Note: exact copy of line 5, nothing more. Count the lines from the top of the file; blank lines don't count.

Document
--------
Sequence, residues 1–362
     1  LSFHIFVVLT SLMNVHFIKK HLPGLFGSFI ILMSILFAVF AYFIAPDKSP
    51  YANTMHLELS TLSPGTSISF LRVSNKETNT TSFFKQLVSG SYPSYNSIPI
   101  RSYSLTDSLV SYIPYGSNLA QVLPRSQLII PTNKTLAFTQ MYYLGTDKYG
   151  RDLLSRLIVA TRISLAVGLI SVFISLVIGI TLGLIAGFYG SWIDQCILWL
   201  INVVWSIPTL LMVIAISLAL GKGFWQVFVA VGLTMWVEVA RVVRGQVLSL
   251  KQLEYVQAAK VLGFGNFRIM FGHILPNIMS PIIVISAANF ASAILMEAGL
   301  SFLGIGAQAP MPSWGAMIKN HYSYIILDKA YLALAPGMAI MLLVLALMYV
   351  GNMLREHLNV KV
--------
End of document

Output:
   151  RDLLSRLIVA TRISLAVGLI SVFISLVIGI TLGLIAGFYG SWIDQCILWL